Procrastination Doesn't Always Stem from 'Laziness'

Remember the days when you take your books in your hand to study and 2 minutes later go dive into your cell phone or the days when you keep aside the work allotted to you till the eleventh hour thinking each and every day “I will do this tomorrow” or “there is still time”. Well, this tendency to hold off certain important tasks until the last minute is known as procrastination. Procrastination is not a mental health disease but excess of it can lead to stress, depression, anxiety, etc. Therefore, it is important to address procrastination as a symptom of mental health diseases. The need to address this is because usually, we ignore our tendency to procrastinate as laziness where it could be a sign of a disease.

The word procrastination comes from the Latin word pro castinus which means ‘for tomorrow’. Procrastination has always been there in human beings in many ways and now, the trend is we blame it on social media. We look into it as just another instance of wasting time and get tons of advices on effective time management. But now discussions, on how procrastination’s horizon broadens to not just time but also emotions, are active. Thus, it gives a new layer to procrastination as not only the incapacity for time management but also as the inability to cope up with emotions.


Every individual procrastinate most of the time. But for some people, it the lack of productivity that is born out of the procrastination that makes them stress a lot as it hinders their daily life. Also, someone with mental health issues will be battling it as a result of which they are unable to focus on their work which may be avoided as mere laziness. Studies have shown that procrastination can be the result of mental illnesses like ADHD, depression, anxiety, etc.

People with Attention Deficit Hyperactivity Disorder and mostly when it is coupled with bipolar may stall their work as they experience both time management issues as well find it difficult to cope up with certain emotional situations. If we say about depression, most people will be facing the issue of low self esteem, the result of which is procrastination. They feel either not worthy in doing the job they do or will find it hard to take interests in things they usually like. Procrastination can also be considered a symptom of anxiety disorder because extra stressing on the difficult tasks that are in front of them would lead to avoiding it altogether and will be caught up with the fear of failing. Also, if one procrastinates for a long time, then he/she might end up being stressful, have negative implications on relationships and will use it as a tool to cope up with nerve racking situations.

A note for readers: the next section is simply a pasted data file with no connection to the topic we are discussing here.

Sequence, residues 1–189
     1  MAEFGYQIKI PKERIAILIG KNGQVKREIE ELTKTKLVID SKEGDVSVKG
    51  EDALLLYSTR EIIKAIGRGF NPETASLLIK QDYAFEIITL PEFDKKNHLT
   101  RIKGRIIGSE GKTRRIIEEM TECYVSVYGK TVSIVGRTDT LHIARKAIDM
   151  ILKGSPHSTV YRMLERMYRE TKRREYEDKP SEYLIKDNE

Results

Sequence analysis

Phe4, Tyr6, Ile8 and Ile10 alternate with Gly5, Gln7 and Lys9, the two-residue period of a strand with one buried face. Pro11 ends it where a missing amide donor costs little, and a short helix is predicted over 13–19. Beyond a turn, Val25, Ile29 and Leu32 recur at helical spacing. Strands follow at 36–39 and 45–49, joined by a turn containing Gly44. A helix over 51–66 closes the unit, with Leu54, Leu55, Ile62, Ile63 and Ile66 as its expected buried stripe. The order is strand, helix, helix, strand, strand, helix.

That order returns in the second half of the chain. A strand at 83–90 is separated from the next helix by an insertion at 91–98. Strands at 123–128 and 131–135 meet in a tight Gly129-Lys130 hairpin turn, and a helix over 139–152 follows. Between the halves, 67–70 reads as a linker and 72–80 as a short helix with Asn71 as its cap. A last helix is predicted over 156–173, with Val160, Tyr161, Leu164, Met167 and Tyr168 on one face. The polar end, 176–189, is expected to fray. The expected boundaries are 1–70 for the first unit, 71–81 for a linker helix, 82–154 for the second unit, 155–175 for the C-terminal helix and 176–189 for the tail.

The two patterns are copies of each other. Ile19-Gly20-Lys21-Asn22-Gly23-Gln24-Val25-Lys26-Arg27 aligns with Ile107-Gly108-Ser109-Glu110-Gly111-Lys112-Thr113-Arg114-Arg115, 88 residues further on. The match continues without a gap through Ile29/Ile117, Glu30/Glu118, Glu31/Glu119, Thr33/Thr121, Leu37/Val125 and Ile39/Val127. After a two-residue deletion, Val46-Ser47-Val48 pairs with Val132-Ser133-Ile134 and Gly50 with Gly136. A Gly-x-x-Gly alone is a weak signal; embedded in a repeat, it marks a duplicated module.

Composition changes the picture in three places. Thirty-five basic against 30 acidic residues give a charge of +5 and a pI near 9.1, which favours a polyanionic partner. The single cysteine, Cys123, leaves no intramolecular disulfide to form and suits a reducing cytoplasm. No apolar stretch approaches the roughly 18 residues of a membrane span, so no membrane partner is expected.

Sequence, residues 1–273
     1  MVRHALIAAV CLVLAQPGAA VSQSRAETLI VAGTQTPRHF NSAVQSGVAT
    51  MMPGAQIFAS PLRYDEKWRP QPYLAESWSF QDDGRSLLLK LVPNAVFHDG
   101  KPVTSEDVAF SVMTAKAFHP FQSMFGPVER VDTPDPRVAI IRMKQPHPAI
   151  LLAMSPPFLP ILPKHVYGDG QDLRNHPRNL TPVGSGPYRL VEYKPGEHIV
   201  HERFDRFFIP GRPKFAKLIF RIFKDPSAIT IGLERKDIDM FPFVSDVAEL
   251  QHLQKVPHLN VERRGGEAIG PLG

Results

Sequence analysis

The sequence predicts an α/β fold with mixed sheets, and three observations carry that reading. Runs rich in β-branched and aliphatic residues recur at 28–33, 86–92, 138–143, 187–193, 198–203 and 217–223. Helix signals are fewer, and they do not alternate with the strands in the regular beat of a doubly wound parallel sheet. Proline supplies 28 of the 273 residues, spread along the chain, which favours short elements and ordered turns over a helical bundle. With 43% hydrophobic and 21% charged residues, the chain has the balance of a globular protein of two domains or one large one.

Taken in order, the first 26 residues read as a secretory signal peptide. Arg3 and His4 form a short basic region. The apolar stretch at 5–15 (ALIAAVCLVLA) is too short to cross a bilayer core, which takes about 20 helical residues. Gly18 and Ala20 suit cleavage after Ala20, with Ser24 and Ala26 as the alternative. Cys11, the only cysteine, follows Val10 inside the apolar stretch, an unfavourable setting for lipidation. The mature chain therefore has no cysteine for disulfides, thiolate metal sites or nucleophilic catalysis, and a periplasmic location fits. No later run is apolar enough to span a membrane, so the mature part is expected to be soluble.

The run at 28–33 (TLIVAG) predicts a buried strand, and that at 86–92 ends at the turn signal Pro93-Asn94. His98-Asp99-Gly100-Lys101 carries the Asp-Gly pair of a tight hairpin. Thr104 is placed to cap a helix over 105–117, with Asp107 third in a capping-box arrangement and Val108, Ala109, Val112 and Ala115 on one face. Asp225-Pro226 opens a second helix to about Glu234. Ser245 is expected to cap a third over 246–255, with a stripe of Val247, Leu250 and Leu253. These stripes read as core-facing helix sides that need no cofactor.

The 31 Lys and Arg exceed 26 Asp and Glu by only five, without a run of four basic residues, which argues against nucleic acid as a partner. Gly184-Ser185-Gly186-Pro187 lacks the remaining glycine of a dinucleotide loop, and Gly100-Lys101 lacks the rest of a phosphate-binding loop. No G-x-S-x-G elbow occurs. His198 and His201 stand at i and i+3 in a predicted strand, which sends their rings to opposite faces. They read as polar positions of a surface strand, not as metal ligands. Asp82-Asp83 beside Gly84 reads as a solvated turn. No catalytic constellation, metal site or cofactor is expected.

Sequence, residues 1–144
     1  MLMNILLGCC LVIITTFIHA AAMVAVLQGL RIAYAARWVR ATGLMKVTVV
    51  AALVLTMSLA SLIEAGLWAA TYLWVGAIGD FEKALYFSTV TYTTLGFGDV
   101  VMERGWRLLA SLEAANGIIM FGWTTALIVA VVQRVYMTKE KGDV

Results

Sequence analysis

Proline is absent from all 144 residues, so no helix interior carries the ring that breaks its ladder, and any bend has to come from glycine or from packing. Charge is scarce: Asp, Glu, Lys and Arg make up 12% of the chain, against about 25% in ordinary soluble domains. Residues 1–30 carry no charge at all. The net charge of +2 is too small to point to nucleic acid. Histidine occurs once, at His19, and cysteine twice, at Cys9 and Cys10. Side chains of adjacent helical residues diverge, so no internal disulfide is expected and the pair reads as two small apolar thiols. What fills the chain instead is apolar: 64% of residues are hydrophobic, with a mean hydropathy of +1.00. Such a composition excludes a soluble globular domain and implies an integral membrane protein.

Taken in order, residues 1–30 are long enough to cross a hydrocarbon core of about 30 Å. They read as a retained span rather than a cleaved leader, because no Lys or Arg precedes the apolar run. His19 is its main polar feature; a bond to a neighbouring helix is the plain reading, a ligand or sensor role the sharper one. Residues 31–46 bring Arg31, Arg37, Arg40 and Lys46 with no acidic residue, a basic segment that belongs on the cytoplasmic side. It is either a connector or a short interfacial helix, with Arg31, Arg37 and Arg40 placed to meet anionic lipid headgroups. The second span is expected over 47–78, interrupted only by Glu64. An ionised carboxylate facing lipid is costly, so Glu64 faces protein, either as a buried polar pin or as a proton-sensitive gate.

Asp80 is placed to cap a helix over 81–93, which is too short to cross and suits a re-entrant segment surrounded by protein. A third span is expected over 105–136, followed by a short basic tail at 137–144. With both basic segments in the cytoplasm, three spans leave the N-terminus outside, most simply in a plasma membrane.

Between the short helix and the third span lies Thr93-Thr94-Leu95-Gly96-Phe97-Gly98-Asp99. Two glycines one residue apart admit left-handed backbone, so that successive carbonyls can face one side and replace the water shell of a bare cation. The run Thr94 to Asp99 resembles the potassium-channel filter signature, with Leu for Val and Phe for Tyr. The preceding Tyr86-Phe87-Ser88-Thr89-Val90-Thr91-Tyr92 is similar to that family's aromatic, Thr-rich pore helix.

Procrastination will take heavy toll on your mental health and also affects your daily life ranging from poor performance in academics or jobs, loss of precious opportunities, refraining from taking up responsibilities to the feelings of fear, guilt, etc


There are different field based methods of reducing procrastination. For example, when it comes to learning, a method was devised by Francesco Cirillo called the Pomdoro Technique which suggests the 25 minutes of learning with a small break of 5 to 10 minutes and back to next section. So, there are such methods to reduce stalling important activities.

First of all, what one has to do is to acknowledge the reason behind not doing the works at the earliest. Sometimes, it will be the severity of the task or the lack of clear understanding of the different ways to finish the work, the reason for slating it. In such case, you can seek help from others and it is normal to do that. Also, for some people, keeping updated about the status of others who are doing the same work and keeping up with that, might incite motivation to do their tasks. If the task you have to complete is really heavy, consider dividing it into bits. Try to begin with the simple and interesting pieces and then move on to the more difficult ones. Instead of taking it all or giving it all in one go, take baby steps towards the conclusion of the works.

The next step is self forgiveness. Yes, there may be times when you have procrastinated and skipped important tasks of yours. But gather the courage to accept it, lessen the feeling of guilt and thereby, be more productive. There are studies showing how the people who have once admitted to and have forgiven themselves have lesser chances of procrastination in the future. So, the thing is one should get over the sense of guilt over their past experiences and move on.

If by all means you can’t get over the tendency to procrastinate, consider seeking help from the part of a mental health professional. It is important to analyse whether this is due to some other disorders that you might have not noticed about yourself. Ignoring it as something trivial can have negative impact on your behaviour and your daily life. Procrastination happens to everyone at some point of time in their lives but do understand when this starts exhausting your mental well being and treat it accordingly.


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